your use Committee Coordinators
Workers Growing in
6. The Land and its implications
1. Service providers need to develop an understanding of the spiritual relationship that Aboriginal and Torres Strait Islander peoples have to the land as a source of their identity. Aboriginal concepts and systems of land tenure differ significantly from a Western perception and this may impact on an Indigenous family’s living situation when accessing non Aboriginal Services. Service providers need to know who the local community(ies) is/are and what area their land covered. In the Upper Hunter this is the Wanaruah and Kamilaroi peoples. Your Local Aboriginal Lands Council will be able to provide you with this information.
2. Aboriginal beliefs are based on creation stories of ‘The Dreaming’. These stories describe the way Ancestors left their mark on the land. Particular stories are linked to particular landscapes and different land-holding groups are custodians of different stories. It is important to understand that ‘sacred sites’ are an essential part of Aboriginal people’s beliefs. Your Local Aboriginal Lands Council will be able to provide you with this information. The NSW National Parks and Wildlife website provides useful information on Aboriginal people, their culture and significant areas.
working with your Aboriginal or Torres Strait Islander community a standard
of respect and acknowledgement is essential. By demonstrating your respect
to the Indigenous community you will be able to establish trusting relationships
and enable communications to take place effectively.
Whenever you invite an Aboriginal person to provide a cultural service such as a ‘Welcome to Country’ or an artistic performance they are using their intellectual property. As such it is important to acknowledge these services with appropriate remuneration. The NSW Department of Aboriginal Affairs provides a fee for service schedule.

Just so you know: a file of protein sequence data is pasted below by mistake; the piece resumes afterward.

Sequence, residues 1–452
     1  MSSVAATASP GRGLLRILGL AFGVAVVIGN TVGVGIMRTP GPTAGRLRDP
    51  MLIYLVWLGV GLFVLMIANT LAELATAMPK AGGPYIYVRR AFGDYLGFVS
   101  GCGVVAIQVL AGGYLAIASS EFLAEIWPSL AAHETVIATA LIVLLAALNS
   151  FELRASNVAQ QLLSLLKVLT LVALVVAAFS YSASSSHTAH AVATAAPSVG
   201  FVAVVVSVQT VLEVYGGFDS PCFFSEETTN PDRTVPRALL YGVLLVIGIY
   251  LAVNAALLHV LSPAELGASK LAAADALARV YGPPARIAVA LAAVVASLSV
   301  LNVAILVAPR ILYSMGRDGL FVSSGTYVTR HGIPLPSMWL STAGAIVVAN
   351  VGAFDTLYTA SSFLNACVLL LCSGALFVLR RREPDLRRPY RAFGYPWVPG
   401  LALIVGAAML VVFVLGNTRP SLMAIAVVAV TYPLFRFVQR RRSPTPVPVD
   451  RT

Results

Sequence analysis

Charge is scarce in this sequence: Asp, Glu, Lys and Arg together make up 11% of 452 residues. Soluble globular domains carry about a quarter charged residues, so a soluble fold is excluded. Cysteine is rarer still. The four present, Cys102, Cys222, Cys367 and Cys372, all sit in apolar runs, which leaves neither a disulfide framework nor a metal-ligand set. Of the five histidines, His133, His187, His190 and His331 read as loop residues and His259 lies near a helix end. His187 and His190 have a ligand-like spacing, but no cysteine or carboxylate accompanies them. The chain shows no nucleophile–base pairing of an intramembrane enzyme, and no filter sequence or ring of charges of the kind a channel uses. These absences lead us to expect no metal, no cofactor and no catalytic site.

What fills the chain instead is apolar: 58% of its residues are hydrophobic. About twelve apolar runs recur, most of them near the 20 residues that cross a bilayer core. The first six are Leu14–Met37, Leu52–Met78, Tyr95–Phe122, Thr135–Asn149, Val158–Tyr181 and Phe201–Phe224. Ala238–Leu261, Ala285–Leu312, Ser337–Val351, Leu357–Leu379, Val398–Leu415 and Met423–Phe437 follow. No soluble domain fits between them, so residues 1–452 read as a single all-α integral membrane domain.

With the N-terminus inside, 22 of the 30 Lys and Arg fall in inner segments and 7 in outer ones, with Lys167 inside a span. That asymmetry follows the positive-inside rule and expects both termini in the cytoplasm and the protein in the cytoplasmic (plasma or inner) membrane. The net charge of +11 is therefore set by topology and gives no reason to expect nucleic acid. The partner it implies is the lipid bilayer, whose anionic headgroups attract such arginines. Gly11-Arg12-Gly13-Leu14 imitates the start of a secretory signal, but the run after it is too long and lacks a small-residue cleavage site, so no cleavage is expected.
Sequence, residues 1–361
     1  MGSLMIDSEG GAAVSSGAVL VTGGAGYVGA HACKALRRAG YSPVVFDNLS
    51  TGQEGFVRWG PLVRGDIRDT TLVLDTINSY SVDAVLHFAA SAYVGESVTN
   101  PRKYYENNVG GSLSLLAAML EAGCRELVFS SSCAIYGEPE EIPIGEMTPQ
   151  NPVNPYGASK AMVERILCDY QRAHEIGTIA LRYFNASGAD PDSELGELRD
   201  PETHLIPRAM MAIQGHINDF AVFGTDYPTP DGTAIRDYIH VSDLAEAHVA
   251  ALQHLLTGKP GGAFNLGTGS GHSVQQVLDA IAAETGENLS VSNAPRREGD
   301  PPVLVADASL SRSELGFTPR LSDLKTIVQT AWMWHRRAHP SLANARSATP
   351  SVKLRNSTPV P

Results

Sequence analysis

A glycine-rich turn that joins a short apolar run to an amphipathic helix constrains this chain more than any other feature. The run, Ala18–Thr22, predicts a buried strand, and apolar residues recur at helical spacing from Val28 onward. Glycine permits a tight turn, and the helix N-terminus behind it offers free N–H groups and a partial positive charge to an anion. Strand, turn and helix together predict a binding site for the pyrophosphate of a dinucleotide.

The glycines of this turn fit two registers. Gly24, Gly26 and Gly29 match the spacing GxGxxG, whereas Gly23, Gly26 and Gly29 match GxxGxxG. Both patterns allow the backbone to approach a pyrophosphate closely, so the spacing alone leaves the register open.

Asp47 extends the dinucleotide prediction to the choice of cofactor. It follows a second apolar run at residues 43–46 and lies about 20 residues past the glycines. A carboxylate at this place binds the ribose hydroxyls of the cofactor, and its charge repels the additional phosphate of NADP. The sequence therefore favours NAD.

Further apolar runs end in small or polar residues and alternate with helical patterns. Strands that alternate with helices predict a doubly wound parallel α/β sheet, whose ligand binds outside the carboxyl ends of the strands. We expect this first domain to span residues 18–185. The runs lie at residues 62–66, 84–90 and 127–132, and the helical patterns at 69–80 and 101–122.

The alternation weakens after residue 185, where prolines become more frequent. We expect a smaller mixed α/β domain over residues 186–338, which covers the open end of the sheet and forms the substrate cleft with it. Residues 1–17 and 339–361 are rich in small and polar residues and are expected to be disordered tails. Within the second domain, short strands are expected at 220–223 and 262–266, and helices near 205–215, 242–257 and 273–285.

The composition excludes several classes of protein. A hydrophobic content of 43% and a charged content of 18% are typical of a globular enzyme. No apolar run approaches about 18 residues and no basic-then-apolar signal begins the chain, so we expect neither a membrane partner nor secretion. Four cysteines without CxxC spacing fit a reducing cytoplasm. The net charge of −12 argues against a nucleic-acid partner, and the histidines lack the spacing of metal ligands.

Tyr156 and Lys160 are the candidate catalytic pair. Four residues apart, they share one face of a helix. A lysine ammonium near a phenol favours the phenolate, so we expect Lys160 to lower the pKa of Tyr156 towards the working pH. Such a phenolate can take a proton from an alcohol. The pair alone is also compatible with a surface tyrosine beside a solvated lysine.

European settlement has resulted in considerable changes to the Aboriginal
culture and land-holding patterns over the past 200 years. It has resulted
in a conflict between two systems of law and culture. The concept of ‘terra nullius’ lead to the dispossession of land for Aboriginal
and Torres Strait Islander peoples and with this, a loss of economic
base including natural and cultural resources. It is important to recognise
that this period of Australian history continues to impact on Indigenous
peoples today. Clients accessing your Service may have lost the connection
to their traditional land and culture and have no where to belong. This
can create social and financial disadvantage for the family. It is important
to recognise the effects of this loss of connectedness and offer support
and referral where appropriate.
5. As a Worker you may be confronted with wider community views regarding Native Title and the land rights of Aboriginal and Torres Strait Islander peoples that are not accurate. The Mabo decision of 1992 and the Wik decision of 1996 have lead to some misconceptions about the ownership of land by Indigenous peoples. It is important to have a general understanding of Native Title and land rights in order to address these myths. It will also help you to develop a better understanding of some of the difficulties that Aboriginal and Torres Strait Islander peoples experience in accessing and trusting non-Aboriginal Services.
6. The limitations of the Native Title Act 1993 indicate that any Aboriginal or Torres Strait Islander group seeking a native title claim must demonstrate a continuous traditional connection to their land. If the people have left their land either voluntarily or forcibly and lost their connection as defined by their laws and customs, then the title is lost. This will be the case for many Aboriginal and Torres Strait Islanders that access your Service. This may have implications for the Indigenous community you are working with.